What You Need to Know about Health Insurance

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This health e-letter will look at something that affects every American. In the medical world, that can mean one thing: health insurance. All the doctors' advice in the world won't matter much if people lack the finances to pay for their treatments. It has been a hot topic for decades, and it continues that way. A new study has said that a big group of Americans became uninsured in the last two years.This health e-letter will look at something that affects every American. In the medical world, that can mean one thing: health insurance. All the doctors’ advice in the world won’t matter much if people lack the finances to pay for their treatments. It has been a hot topic for decades, and it continues that way. A new study has said that a big group of Americans became uninsured in the last two years.

A new study estimates that nine million adults became uninsured in the past two years. That is 57% of people who had health insurance through a job they then lost. Losing a job is not uncommon now in the sputtering economy, and job losses are often compounded by the loss of health insurance.

The report says that the unemployed have great difficulty finding affordable health care. Only 25% who lost their
insurance were able to find another plan, and only 14% continued their job-based coverage through the “Consolidated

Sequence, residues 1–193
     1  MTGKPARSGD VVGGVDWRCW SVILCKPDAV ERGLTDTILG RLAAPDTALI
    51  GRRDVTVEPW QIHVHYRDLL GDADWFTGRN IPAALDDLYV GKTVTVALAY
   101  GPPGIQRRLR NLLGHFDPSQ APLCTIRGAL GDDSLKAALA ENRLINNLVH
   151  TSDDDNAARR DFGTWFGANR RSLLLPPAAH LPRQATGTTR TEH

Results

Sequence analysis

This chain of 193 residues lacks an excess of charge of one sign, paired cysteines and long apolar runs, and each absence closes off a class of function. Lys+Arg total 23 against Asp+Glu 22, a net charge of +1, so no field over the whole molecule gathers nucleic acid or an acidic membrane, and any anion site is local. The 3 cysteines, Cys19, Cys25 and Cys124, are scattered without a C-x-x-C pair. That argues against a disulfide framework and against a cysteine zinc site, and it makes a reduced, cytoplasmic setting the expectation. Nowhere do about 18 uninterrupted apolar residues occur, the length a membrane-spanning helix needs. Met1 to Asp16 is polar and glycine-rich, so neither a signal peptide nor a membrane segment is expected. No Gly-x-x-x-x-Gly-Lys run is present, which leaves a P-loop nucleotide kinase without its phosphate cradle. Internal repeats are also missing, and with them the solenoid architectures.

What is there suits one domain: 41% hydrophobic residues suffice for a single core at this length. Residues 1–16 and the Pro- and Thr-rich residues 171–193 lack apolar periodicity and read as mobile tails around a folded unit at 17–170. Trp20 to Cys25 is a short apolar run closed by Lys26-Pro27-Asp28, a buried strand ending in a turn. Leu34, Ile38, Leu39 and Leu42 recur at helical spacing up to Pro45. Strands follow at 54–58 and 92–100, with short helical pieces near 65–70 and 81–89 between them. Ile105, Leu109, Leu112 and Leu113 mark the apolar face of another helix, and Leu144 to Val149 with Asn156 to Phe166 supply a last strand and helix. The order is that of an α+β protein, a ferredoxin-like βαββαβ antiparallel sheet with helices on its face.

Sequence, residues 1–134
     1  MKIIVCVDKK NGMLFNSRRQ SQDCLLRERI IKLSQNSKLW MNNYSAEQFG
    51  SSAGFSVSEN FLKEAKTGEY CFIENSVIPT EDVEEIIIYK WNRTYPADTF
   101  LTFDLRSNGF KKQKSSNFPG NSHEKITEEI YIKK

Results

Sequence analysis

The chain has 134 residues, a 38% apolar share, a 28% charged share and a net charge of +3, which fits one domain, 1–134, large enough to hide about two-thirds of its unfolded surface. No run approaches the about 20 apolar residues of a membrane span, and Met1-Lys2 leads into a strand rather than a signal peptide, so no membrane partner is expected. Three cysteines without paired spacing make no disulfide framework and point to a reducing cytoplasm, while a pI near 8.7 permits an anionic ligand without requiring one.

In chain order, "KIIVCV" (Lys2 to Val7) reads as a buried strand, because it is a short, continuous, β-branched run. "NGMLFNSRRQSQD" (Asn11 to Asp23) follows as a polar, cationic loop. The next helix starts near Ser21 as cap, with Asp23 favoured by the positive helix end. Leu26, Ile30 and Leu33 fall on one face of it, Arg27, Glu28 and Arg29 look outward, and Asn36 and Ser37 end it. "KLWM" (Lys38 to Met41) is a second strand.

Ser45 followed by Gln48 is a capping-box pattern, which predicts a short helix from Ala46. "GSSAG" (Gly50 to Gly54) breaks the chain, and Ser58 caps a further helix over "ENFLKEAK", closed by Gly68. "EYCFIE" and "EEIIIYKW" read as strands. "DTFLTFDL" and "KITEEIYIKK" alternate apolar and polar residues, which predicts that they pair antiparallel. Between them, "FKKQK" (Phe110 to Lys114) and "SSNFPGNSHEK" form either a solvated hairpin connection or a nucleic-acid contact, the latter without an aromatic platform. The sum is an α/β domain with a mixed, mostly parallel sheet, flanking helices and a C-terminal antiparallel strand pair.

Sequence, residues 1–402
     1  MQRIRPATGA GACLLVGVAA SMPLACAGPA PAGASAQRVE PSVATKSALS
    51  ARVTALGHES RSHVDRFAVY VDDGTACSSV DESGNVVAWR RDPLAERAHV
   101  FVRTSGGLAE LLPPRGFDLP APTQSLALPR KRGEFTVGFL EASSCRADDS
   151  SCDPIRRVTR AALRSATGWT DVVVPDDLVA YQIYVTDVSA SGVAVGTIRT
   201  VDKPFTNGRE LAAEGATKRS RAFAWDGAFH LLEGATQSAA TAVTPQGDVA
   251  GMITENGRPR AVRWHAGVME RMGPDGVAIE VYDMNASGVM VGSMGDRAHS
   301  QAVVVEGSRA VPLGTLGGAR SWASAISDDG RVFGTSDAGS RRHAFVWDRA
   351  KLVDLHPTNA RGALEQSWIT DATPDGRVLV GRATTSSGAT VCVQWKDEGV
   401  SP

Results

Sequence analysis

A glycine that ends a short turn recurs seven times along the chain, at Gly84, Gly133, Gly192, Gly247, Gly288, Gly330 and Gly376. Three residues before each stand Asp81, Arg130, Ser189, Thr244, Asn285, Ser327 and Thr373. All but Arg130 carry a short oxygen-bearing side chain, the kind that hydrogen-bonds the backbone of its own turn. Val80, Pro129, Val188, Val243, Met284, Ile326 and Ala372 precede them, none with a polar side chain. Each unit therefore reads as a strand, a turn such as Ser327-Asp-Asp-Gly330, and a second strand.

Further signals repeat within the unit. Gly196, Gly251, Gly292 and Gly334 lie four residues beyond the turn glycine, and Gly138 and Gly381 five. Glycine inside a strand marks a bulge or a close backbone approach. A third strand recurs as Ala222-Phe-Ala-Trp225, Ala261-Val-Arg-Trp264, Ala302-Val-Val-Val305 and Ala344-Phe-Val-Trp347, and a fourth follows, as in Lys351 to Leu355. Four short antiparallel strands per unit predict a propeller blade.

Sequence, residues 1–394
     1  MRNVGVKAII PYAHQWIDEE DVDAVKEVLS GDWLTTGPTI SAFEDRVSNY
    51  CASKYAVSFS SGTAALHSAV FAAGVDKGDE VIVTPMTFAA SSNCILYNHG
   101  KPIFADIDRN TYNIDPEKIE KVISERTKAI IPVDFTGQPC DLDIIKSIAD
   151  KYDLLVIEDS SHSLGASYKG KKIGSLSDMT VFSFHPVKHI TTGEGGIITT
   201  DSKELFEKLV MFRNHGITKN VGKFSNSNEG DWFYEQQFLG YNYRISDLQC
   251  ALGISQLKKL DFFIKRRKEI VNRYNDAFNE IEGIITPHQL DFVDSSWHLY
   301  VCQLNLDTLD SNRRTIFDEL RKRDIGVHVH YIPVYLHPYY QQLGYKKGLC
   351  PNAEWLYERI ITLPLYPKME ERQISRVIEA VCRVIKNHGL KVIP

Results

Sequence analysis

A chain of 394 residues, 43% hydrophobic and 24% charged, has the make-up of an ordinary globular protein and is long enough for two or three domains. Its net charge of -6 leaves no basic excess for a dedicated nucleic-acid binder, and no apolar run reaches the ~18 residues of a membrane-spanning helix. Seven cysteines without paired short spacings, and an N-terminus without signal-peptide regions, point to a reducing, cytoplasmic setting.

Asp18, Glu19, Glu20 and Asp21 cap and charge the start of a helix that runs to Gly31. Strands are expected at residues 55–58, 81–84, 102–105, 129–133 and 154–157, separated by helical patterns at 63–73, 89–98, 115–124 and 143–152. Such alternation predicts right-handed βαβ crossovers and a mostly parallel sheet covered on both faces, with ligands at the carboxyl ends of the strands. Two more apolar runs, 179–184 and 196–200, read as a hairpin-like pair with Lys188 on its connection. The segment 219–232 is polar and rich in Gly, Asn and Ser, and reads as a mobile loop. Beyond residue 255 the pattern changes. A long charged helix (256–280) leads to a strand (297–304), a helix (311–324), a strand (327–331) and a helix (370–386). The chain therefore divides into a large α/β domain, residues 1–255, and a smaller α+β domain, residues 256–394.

Omnibus Budget Reconciliation Act” (COBRA). For most, individual coverage was not a viable option. It was found that
71% of adults (19 million people) who tried to buy such coverage in the past three years found it hard to get a plan that was right for them or an affordable plan, or were turned down or charged more for an existing health condition.

The report says that 52 million U.S. adults were uninsured sometime in 2010. That is up from 38 million in 2001. Not surprisingly, the most likely were those of low or moderate incomes. It went on to find that 75 million adults didn’t get needed health care in 2010, skipping doctor visits, tests and prescriptions due to costs. This is a 60% increase from 2001, when there were 47 million people. Though uninsured adults were most likely to do so (66%), 31% of insured adults also went without health care they needed because of high costs. That was up from 21% in 2001.

People are spending out-of-pocket more and more. Nearly 50 million people spent at least 10% of their income on out-of-pockets costs and health insurance premiums in 2010. That is up from 31 million nine years ago. And about 31% of adults who were insured continued to spend 10% or more of their incomes in this way.

All is not negative, though. A silver lining: the “Affordable Care Act” has already begun to bring relief. This law is expected to be fully implemented by 2014. Then, nearly all of the 52 million uninsured adults will have access to insurance coverage through expanded Medicaid, private health plans and tax credits for the purchase of insurance.

We have a long way to go, but with health care such a lightning rod politically, ideas to make things better will never cease.

The Doctors Health Press e-Bulletin

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